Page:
On April 23, 2018, the Treasury Department’s Office of Foreign Assets Control (OFAC) extended the wind-down period for United Company RUSAL PLC (hereinafter “RUSAL”), the world’s second largest producer of aluminum and one of the companies added to the Specially Designated Nationals (SDN) List earlier this month with other Russian oligarchs, senior Russian government officials, and Russian-owned companies. Yesterday, OFAC issued new General Licenses 12A and 14 to mitigate the impact of the new sanctions on U.S. companies.
By way of background, as we reported previously (https://millerproctorlaw.com/ofac-adds-russian-oligarchs-senior-government-officials-and-russian-owned-companies-to-the-specially-designated-nationals-list/), OFAC added the following 36 parties to the Specially Designated Nationals (“SDN”) List on April 6, 2018, including RUSAL:
- 7 Russian oligarchs and the 12 companies that they own or control they own or control;
- 17 senior Russian government officials; and,
- A state-owned Russian weapons trading company and its subsidiary, a Russian bank.
These additions were made under the authority of the Countering America’s Adversaries Through Sanctions Act (CAATSA). In January of this year, the Treasury Department submitted several reports to Congress as required by Section 241 of CAATSA which included a list of over 200 senior Russian political figures and oligarchs (with a net worth of at least $1 billion) and entities that are 25% owned by the Russian government with revenues of at least $2 billion in 2016. The report also provided information on the parties’ corrupt activities, involvement in the Russian economy, the U.S. economic and industry sectors that could be exposed to these parties, and the potential impact of future sanctions against them. OFAC’s April 6th designations targeted several of the individuals and entities that were identified in the Section 241 Report.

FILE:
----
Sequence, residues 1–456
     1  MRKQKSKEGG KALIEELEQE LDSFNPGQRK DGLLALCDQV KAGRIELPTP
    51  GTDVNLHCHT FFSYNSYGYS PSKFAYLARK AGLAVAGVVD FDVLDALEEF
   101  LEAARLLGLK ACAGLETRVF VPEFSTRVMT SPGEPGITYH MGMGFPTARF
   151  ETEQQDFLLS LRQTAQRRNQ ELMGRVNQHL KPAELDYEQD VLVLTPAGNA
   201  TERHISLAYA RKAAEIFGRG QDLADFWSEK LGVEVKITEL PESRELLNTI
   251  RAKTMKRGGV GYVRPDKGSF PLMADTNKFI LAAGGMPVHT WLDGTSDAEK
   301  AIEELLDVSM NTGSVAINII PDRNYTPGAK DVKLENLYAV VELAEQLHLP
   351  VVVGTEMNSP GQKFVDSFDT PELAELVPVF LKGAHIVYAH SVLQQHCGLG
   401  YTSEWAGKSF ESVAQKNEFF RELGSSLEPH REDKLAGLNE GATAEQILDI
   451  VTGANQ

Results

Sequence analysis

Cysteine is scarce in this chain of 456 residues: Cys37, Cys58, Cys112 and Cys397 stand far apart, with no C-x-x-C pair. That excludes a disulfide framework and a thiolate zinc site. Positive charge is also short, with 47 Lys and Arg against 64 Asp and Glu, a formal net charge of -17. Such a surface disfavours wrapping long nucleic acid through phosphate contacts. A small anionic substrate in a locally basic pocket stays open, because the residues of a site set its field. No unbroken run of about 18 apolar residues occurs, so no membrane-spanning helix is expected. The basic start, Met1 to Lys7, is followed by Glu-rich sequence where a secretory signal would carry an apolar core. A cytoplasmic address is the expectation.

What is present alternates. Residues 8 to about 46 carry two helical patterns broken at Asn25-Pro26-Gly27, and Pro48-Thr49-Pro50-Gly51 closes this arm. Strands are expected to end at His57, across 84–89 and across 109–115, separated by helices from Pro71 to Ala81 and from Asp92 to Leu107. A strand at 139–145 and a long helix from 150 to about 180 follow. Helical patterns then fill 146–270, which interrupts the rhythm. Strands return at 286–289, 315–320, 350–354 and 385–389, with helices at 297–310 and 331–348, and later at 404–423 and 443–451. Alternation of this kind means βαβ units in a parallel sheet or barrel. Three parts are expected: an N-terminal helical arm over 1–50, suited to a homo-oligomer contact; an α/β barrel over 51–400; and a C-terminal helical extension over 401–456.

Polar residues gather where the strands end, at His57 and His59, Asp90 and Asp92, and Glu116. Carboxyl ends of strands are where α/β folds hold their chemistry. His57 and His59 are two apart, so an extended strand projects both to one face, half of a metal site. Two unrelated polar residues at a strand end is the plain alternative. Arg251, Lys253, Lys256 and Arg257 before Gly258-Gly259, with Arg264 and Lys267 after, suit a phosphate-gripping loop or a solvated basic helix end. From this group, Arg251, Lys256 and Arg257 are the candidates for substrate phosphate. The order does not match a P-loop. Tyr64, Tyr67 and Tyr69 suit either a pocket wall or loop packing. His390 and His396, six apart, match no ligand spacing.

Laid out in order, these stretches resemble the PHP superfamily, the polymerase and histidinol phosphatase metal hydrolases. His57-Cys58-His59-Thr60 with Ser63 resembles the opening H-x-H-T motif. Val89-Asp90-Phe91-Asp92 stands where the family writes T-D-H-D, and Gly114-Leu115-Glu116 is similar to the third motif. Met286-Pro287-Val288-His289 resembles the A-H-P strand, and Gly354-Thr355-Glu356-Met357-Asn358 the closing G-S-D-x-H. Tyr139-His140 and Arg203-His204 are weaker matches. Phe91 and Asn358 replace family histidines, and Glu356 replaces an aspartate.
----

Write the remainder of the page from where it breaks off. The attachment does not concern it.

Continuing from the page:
U.S. persons are prohibited from dealing with SDNs without prior OFAC authorization, and non-U.S. persons may also find themselves subject to secondary sanctions for certain dealings involving the targeted entities. Note that these restrictions apply not only to the listed parties, but also to any entity that is 50% or more owned, directly or indirectly, by one or more SDNs.